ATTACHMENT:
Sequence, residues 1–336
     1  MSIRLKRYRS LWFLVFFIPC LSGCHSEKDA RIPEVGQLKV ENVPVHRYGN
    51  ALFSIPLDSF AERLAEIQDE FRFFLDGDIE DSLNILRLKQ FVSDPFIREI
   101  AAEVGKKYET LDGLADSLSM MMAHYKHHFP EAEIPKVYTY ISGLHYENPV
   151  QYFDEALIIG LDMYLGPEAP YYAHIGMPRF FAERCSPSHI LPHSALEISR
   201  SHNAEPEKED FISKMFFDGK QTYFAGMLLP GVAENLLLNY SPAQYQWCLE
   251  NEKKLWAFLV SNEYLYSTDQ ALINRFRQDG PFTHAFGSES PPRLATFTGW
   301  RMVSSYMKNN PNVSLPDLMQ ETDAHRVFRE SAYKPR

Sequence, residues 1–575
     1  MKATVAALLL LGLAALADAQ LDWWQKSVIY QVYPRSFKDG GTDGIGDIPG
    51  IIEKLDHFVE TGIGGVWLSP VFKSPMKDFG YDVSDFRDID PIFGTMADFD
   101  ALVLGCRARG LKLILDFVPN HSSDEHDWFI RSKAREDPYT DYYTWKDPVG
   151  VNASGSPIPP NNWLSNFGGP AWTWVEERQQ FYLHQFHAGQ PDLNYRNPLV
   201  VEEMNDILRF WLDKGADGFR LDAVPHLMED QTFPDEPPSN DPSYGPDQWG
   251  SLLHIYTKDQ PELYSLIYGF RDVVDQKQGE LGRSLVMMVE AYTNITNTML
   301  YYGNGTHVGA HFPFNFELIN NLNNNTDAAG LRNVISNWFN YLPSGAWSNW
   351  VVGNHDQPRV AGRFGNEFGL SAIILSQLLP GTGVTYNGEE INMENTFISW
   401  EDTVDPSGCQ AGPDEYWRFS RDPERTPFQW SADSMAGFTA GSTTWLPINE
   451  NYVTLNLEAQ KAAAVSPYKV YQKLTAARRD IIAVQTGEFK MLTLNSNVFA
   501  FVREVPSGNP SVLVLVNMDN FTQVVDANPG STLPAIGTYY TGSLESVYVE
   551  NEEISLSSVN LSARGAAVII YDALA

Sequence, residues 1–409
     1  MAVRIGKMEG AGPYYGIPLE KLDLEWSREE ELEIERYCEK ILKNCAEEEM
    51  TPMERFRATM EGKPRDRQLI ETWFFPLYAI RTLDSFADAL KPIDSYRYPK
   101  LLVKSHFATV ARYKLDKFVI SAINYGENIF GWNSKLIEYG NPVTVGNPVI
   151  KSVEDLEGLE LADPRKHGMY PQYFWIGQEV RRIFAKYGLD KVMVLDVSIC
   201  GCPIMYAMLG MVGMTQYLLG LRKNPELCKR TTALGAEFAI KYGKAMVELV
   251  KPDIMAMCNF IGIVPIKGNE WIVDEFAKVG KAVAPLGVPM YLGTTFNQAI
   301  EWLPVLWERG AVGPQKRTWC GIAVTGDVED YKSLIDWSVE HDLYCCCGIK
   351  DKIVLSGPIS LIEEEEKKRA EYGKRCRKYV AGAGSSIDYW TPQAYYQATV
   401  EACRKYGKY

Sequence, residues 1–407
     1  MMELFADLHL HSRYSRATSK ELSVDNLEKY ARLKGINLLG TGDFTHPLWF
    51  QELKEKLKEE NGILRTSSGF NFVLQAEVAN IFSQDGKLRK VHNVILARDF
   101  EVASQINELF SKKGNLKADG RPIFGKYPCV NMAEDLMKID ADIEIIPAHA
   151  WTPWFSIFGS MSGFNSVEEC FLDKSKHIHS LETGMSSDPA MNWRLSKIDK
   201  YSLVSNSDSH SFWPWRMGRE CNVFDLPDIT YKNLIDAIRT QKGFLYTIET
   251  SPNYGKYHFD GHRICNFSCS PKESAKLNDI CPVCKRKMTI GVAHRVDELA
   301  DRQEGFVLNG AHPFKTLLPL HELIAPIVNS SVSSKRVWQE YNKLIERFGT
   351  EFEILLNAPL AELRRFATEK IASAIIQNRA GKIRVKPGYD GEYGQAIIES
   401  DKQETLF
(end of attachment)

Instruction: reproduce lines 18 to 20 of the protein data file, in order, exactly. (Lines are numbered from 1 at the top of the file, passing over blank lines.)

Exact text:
   401  EDTVDPSGCQ AGPDEYWRFS RDPERTPFQW SADSMAGFTA GSTTWLPINE
   451  NYVTLNLEAQ KAAAVSPYKV YQKLTAARRD IIAVQTGEFK MLTLNSNVFA
   501  FVREVPSGNP SVLVLVNMDN FTQVVDANPG STLPAIGTYY TGSLESVYVE